Thebacha/Fort Smith

A camp to teach children science, technology, engineering, arts and math was held in Fort Smith

The camp, called STEAM Camp after an acronym of theto be taught, was scheduled for Mary Kaeser Library, from July 17 to 21.

It had a two-hour session each day for ages seven to 10 years and another two-hour session for ages 11 to 14 years.

- Paul Bickford

Museum to teach kids about bison

Thebacha/Fort Smith

Children in Fort Smith can learn more about bison on July 25.

Northern Life Museum & Cultural Centre is offering fun and educational activities to teach youngsters about the animals.

The two-hour afternoon event is suitable for children aged eight years and older.

Among other things, they will learn more about the animals that inhabit Wood Buffalo National Park, and the difference between a bison and a buffalo.

The program will be limited to 15 children.

- Paul Bickford

Local short films screening this weekend


The Inuvialuit Communications Society hopes to raise its profile in the community and encourage people to get into filmmaking

"We really want to bring attention to ICS," said Dez Loreen manager of organization.

He's looking to hold workshops and engage with the community to help people get into the industry.

"We want to make this the creative hub of the town," he said.

ICS is hoping to hold regular screenings and is currently setting one up for Aug. 19 in conjunction with Yellowknife's Dead North Film Festival.

Though ICS is an Inuvialuit organization and is hoping to train beneficiaries in all manner of filmmaking and related pursuits, Loreen emphasized that the organization is here to serve all people in the community.

"We don't want to just be inclusive only to Inuvialuit and say sorry to everybody else," said Loreen, adding that the organization will still be promoting Inuvialuit history and values.

"We are the Inuvialuit Communications Society, but it's 2017 and we want grow within the community as well."

The ICS office is at the edge of town by the Nova Inn and Loreen encourages anyone interested in filmmaking or communications pursuits to come by, talk shop, find out what the ICS does, rent equipment or anything else.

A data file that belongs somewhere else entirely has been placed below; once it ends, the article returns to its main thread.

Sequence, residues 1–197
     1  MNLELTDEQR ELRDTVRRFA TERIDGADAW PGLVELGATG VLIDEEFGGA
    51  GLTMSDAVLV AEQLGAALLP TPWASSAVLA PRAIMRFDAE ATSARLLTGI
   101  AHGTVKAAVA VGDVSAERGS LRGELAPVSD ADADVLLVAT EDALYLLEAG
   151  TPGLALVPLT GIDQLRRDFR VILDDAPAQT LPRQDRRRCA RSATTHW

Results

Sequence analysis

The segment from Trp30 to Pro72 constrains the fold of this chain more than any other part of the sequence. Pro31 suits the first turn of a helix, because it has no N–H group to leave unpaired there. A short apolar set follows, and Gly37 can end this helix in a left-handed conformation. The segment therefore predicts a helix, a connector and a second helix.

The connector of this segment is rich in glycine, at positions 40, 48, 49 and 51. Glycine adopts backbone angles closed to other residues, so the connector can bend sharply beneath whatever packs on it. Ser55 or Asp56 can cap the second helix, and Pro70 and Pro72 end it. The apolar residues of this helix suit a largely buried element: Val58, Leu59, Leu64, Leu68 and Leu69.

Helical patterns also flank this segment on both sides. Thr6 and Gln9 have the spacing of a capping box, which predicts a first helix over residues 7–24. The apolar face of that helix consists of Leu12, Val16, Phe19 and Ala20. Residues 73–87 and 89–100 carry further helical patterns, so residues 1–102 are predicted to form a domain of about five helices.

"We're trying to build capacity right now," said Loreen, adding that the more people in the community get engaged with filmmaking, the more funding opportunities will likely open up.

His hope is to work with the school to get a film program going, similar to what Yellowknife has.

"If there's anybody in town (who's interested in learning more or engaging with ICS), I'm urging you to come forward," said Loreen.

"There's no ceiling from here. I want to push this place as far as I can. We have great staff, great support, but we're looking for more of it."

- Stewart Burnett

Elders travelling to religious pilgrimage

K'atlodeeche/Hay River Reserve

Elders from Hay River Reserve will travel to Lac St. Anne to participate in the annual pilgrimage, said recreation director Sharon Pekok.

The event runs from July 22 to 26 and is expected to draw participants from throughout Canada.

"They come from all over the place," Pekok said. "A lot of the northern communities go there." This year's pilgrimage is scheduled to include a Dene mass on July 24 and 25.

- Kassina Ryder

Behchoko youth head to summer games

Behchoko/Rae Edzo

Youth in Behchoko are gearing up to participate in this year's Mackenzie Youth Summer Games in Fort Providence from July 24 to 28, said recreation co-ordinator Jesse Bierman.

Approximately 15 youth will travel to Fort Providence to participate. Bierman said last year's event was a big hit.

"Last year was a really good time," he said. "We had about 50 kids from different communities."

The games rotate through communities in the territory each year and typically include sports such as canoeing, swimming, soccer, basketball and dance, as well as traditional games.

- Kassina Ryder

Saturday market is back


The first Saturday Arctic Market of the summer was to have been held July 22 from 2 to 4 p.m. in Jim Koe Park.

Jackie Challis led an effort, supported by many community members, to reinstate the Saturday markets.

The Inuvik Community Greenhouse began holding Tuesday markets from 6 to 8 p.m. in the absence of the town's usual Saturday markets.

The greenhouse will continue holding its markets, so there will be two Arctic Markets each week throughout the summer.

- Stewart Burnett

Two Beaufort Delta schools awarded for Drop the Pop campaign

Aklavik and Ulukhaktok

Moose Kerr School in Aklavik and Helen Kalvak Elihakvik School in Ulukhaktok were among 14 schools across the territory announced as winners in the territorial government's "Drop the Pop" campaign, which encourages youth to limit their soda intake.